Governments like to say there is only one class of Canadian citizen – that no matter whether we were born here or naturalized, no matter our religion, ethnicity or political views, we receive equal treatment from the state. That is what governments like to say.
Unfortunately, this is not true – particularly when citizens find themselves in trouble abroad. If a middle-class Canadian tourist is killed in Mexico, the story is front-page news. The minister of foreign affairs makes statements; the Mexicans are asked to explain. Similarly, if a Canadian is mistreated by a country we disapprove of – like Iran or even China – Ottawa is happy to talk tough. The former Liberal government roasted Iran over the jailing and murder of Zahra Kazemi. Stephen Harper, the current prime minister, is taking China to task over its imprisonment of Huseyin Celil.
But if a Canadian is unlucky enough to run into trouble with a country that Ottawa does not wish to offend, it is a different story. In those cases, the government says little and does less. If the Canadian is unpopular or lacks media-savvy supporters, the government pays even less attention.
So it was with software engineer Maher Arar at the beginning of his torture-imprisonment ordeal. So it is still with Omar Khadr, the 20-year-old Canadian imprisoned for five years by the U.S. at Guantanamo Bay. The Canadian government finally moved on the Arar file, in large part because his wife cut a sympathetic figure with the public. The government is able to stall on the Khadr file, in large part because his family does not.
Bashir Makhtal is one of the latest to fall victim to this cruel double standard. Born in the rebellious Ogaden province of Ethiopia, raised in Somalia, a Canadian citizen since 1994, Makhtal – like many others in the Somali diaspora – returned to Mogadishu to do business. In his case, business consisted of importing used clothing.
In December, when Ethiopian troops invaded Somalia to oust the government of the day, he fled to the Kenyan border.
What he didn't know, however, was that the geopolitics of the region had shifted. With a new military command based in Ethiopia, the U.S. quietly helped its client state unseat an Islamic government in Somalia that Washington didn't much like. Kenya was also onside with the Americans. Makhtal was caught in the middle.
Along with 84 others, he was illegally transferred by Kenya to Ethiopia via Somalia for interrogation and imprisonment. A letter received by his relatives in Hamilton says he was threatened with torture and forced to make a false confession. Consular officials have not been allowed to see him.
Ottawa's response has been spectacularly anemic. Makhtal's name been raised only once in the Commons. Foreign Affairs Minister Peter MacKay has said his usual little. He has not taken Kenya to task for deporting a Canadian to a country with a dodgy human rights record. Nor has he pressured Ethiopia to release Makhtal. The reason, it seems, is America. Amnesty International says U.S. agents have been involved in the interrogation of the Kenyan deportees. And when Washington is involved, the Canadian government stays mum.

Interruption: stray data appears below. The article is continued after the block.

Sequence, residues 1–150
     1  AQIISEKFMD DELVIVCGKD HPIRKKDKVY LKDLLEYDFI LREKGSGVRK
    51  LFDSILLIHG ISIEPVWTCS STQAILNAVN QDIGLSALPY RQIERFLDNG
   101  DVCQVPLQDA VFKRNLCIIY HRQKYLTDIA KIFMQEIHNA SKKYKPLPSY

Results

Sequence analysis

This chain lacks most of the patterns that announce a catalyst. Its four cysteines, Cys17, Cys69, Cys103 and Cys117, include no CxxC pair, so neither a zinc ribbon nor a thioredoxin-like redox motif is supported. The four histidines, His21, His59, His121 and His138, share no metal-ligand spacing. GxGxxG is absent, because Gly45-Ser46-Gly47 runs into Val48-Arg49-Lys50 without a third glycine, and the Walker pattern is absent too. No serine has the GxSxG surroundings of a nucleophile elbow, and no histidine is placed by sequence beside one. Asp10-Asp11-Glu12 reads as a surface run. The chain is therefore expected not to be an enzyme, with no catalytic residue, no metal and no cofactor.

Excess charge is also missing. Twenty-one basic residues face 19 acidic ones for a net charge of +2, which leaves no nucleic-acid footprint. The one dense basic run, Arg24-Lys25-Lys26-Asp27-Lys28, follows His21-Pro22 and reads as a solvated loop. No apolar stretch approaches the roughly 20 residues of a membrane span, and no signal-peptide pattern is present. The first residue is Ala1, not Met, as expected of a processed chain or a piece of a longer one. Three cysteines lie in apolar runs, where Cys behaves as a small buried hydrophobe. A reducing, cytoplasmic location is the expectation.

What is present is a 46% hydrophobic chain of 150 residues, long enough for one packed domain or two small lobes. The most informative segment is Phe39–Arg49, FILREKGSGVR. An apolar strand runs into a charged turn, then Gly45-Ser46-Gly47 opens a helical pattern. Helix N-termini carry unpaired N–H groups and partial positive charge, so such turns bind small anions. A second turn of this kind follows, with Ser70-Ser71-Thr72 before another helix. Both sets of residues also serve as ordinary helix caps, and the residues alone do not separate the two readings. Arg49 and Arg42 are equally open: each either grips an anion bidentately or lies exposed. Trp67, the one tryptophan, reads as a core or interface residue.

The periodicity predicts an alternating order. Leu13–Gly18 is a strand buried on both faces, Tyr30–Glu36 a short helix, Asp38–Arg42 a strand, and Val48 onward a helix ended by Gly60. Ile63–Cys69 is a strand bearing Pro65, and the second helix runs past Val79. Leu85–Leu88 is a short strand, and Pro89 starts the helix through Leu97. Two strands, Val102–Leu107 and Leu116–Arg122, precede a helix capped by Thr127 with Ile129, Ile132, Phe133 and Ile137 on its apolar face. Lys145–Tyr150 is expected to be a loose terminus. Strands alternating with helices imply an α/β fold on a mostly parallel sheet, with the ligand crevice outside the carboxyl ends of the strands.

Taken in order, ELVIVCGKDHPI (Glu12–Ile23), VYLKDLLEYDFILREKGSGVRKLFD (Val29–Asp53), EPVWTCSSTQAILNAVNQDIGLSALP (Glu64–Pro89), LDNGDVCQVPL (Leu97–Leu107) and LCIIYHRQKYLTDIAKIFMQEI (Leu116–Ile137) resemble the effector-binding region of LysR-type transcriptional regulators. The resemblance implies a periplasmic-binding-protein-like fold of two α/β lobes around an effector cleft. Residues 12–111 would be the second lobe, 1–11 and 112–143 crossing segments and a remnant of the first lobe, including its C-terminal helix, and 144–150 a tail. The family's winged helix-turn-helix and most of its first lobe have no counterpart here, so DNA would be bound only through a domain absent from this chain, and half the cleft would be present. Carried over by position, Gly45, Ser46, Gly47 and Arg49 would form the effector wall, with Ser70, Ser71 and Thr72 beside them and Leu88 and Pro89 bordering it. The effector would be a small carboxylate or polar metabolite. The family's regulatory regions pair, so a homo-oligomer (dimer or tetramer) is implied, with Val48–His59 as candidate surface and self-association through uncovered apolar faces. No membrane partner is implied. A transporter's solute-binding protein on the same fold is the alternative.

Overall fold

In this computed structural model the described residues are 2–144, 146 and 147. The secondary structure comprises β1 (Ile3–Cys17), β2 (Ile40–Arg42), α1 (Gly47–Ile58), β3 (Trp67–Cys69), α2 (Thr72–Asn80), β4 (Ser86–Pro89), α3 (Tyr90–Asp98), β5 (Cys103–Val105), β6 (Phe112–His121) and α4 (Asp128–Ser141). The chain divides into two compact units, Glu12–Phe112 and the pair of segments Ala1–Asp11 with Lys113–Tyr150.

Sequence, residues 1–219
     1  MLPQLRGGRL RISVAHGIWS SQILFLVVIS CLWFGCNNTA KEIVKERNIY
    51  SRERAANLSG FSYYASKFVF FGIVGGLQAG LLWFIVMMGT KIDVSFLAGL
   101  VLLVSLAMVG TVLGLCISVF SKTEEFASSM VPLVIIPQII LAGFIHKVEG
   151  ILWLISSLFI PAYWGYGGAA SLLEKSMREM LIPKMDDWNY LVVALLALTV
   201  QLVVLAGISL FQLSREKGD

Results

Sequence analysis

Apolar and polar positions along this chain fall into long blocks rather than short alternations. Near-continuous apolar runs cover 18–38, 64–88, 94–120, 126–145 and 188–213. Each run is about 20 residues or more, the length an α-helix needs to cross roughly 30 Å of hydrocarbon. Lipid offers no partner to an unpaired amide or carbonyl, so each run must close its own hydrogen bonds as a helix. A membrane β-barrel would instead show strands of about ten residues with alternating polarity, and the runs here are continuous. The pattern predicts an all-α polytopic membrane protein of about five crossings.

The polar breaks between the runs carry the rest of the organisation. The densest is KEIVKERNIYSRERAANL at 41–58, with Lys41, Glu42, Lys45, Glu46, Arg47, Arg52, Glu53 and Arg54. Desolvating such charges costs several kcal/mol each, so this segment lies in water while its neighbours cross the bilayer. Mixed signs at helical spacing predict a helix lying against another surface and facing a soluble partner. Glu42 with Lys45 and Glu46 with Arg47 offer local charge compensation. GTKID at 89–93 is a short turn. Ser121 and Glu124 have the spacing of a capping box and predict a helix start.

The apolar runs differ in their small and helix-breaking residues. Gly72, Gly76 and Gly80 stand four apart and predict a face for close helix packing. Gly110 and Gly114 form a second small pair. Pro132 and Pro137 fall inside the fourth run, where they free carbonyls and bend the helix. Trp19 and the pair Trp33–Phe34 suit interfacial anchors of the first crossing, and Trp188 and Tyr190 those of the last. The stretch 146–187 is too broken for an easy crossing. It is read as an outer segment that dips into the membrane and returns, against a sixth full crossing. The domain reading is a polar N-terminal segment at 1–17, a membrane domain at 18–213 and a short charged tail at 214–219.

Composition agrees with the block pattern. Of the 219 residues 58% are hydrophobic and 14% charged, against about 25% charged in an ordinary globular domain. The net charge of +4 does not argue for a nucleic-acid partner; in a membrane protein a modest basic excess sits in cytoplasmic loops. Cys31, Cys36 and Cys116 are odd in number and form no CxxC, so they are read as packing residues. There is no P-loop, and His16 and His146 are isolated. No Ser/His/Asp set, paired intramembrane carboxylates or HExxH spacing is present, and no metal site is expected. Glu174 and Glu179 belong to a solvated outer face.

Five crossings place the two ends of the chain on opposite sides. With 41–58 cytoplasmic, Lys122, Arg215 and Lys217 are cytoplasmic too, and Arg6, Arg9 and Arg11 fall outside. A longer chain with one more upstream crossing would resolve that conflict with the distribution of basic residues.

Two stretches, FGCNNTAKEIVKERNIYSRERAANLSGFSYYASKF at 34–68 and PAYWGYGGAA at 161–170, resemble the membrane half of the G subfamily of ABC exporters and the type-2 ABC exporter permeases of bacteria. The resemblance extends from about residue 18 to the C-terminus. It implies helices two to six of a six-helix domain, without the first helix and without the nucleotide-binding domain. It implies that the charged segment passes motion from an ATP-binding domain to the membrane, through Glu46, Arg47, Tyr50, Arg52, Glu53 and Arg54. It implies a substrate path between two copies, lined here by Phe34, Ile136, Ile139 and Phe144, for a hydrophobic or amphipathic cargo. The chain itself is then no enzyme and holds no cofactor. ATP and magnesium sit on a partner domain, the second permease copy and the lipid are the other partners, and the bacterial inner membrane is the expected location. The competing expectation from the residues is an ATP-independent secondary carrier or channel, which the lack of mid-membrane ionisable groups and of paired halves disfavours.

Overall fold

Makhtal's relatives and friends continue to push for action. It is an uphill battle. They hold demonstrations that no one reports on. They receive only minimal attention from politicians. As someone who is neither famous nor beautiful, Makhtal does not lead the newscasts. In this very brutal version of Canadian Idol, he does not get many audience votes.
A group of lawyers, politicians and human rights organizations have called on Stephen Harper to negotiate directly with the US to bring Khadr home to Canada. Peter MacKay says Canada must wait until the appeals process is finished. The appeals process! As if any part of this process has a shred of legitimacy. A teenage boy is held in a concentration camp for five years, then after he's cleared him of all charges, Ottawa still won't intervene to bring him home to Canada.
I dream of a Canada that stands up to the bully south of the border. A Canada unafraid to assert its own values - which, from a selfish point of view, could only increase its standing on the world stage. Instead, I see a Canada that blithely brushes off human rights, international law and basic decency, so as not to ruffle the feathers of its major trading partner.
As much as some wmtc readers - mostly in the US - love to point fingers at Harper and MacKay, there's little evidence that Khadr would fare better under a Liberal government. A Liberal government got Canada into Afghanistan, then did nothing to help Khadr for four years before the Conservatives were elected. I sometimes wonder at the venom spewed against Harper, when in many ways he's just maintaining the status quo.
When it comes to the US's war of terror, Canada is still the US's handmaiden. Maybe there's some tough talk at election time, but that's where it ends. It's naive to think this is a Harper issue. This is a Canada issue.
Here's an excellent long article from Rolling Stone on Khadr's ordeal, and background from Amnesty.
If you're unfamiliar with Bashir Makhtal's ordeal - or what we know of it - here's some background. Also: Friends of Bashir Makhtal.